The spleen is a large organ in the abdomen that has a variety of functions. It contains a large amount of blood, which makes it prone to blood vessel cancers. It can also become twisted, abscessed, or ruptured.
Each of these conditions will present in a different way. Some of these patients will be critical, due to blood loss into the abdomen, while others will appear quite normal (eg a benign mass on the spleen).
There is no easy way to differentiate a benign splenic mass from a malignant one, and even under the pathologist’s microscope it can still be very difficult.
All masses on the spleen need investigating and removing.
Prior to treatment for a splenic mass, investigation with blood tests and ultrasound is essential.
A ruptured or twisted spleen will also need a degree of patient stabilisation using fluid support, painkillers, and oxygen therapy.
Some of these cases are true emergencies and the stabilisation period may have to be quite short.
Surgery involves opening the abdomen and removing the spleen. There are a large number of blood vessels to check and tie off carefully, so we often use titanium clips to speed this part of the procedure up.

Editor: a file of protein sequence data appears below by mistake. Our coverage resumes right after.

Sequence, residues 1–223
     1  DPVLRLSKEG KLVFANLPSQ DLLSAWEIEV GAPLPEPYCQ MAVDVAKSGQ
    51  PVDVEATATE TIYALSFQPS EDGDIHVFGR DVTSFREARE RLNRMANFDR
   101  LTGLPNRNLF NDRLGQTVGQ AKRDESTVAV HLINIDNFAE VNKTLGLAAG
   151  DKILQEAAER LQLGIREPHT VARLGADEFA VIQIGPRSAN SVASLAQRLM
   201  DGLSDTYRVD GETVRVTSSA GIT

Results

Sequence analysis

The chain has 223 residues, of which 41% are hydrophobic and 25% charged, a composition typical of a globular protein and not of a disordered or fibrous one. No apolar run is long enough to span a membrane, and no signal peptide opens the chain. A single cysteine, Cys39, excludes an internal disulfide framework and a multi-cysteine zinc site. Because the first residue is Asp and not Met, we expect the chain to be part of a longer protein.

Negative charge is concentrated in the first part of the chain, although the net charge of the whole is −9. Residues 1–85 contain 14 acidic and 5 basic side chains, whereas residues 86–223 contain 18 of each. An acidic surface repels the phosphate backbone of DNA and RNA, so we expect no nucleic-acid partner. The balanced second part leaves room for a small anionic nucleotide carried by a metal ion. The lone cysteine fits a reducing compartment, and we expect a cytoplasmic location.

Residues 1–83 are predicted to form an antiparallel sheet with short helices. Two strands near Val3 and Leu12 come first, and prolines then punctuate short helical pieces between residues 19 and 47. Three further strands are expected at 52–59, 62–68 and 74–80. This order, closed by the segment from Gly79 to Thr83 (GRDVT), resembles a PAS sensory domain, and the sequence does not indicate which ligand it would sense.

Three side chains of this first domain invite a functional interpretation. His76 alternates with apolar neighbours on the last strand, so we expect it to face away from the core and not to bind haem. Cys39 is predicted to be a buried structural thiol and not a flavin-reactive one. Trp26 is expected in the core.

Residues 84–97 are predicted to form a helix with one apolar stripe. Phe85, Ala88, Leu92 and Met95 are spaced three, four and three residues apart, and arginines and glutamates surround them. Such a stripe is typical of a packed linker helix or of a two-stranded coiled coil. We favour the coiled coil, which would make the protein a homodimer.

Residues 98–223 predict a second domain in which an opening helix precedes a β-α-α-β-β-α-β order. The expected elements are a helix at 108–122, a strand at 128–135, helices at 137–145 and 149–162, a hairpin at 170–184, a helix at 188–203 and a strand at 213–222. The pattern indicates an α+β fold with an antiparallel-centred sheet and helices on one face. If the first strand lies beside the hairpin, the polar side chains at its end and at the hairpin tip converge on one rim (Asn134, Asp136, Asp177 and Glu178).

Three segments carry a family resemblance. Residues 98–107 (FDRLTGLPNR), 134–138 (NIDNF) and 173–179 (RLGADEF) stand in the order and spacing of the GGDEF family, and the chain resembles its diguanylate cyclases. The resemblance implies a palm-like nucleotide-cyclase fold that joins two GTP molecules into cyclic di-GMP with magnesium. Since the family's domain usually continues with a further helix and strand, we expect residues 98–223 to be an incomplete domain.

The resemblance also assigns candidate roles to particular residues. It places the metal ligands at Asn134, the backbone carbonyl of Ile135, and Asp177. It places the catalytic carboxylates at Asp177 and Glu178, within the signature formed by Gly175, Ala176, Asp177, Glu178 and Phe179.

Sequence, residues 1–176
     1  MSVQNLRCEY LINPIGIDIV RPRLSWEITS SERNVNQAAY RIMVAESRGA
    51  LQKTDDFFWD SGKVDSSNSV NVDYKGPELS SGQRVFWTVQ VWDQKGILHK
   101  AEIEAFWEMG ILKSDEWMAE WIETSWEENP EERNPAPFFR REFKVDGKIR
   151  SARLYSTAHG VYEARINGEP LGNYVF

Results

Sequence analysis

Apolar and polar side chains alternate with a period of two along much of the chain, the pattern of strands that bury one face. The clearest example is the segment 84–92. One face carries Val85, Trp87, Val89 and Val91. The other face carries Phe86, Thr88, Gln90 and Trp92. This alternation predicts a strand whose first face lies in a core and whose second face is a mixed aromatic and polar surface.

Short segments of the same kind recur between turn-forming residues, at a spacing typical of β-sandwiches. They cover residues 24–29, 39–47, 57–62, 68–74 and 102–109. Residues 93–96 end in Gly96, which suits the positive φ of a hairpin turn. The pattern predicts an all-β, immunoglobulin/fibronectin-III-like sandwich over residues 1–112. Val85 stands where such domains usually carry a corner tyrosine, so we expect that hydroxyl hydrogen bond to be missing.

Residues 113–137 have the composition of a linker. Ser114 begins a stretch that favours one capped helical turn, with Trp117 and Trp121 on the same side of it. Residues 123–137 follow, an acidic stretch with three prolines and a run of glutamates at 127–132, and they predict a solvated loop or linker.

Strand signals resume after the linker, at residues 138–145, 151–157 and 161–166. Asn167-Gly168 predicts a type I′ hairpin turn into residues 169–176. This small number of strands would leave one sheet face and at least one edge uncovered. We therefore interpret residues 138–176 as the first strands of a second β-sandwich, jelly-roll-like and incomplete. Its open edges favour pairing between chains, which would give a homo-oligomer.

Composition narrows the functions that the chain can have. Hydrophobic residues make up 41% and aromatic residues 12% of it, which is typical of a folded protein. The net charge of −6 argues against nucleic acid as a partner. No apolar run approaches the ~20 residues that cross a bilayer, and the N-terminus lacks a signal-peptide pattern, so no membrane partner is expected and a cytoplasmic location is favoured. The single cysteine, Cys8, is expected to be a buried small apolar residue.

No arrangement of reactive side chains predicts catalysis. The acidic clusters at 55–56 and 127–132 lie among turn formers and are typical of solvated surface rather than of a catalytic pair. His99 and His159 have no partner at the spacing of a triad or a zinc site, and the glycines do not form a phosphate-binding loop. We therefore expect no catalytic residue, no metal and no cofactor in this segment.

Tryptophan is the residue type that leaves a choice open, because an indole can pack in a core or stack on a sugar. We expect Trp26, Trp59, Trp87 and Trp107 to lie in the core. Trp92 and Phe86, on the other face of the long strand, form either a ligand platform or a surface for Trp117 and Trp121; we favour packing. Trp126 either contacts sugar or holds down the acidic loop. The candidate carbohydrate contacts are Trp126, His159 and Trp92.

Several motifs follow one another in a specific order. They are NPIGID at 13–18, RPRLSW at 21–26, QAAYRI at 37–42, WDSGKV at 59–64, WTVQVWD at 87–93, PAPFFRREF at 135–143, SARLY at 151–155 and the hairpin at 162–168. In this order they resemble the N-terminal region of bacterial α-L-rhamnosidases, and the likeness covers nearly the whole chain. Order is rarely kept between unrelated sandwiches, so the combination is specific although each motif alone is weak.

The rest of the abdomen is checked for any other abnormalities, then closed routinely.
Any patient with a splenic mass.
Time involved in clinic
Splenectomy patients are commonly kept in the clinic for several days after surgery, allowing us to monitor blood clotting, fluid levels, discomfort, and potential for infection.
This is a major surgery and the patients need a period of rest and recuperation. Special foods, painkillers, and strict rest for at least 3 weeks are required.
How to book
Give reception a ring on 09 238 7486 to discuss transfer of your patient to our clinic for assessment and treatment. You may be asked to bring any clinical notes, xrays images, and medications with you when you come.
IF YOUR PET HAS A RUPTURED OR TWISTED SPLEEN, DO NOT DELAY IN CONTACTING US IMMEDIATELY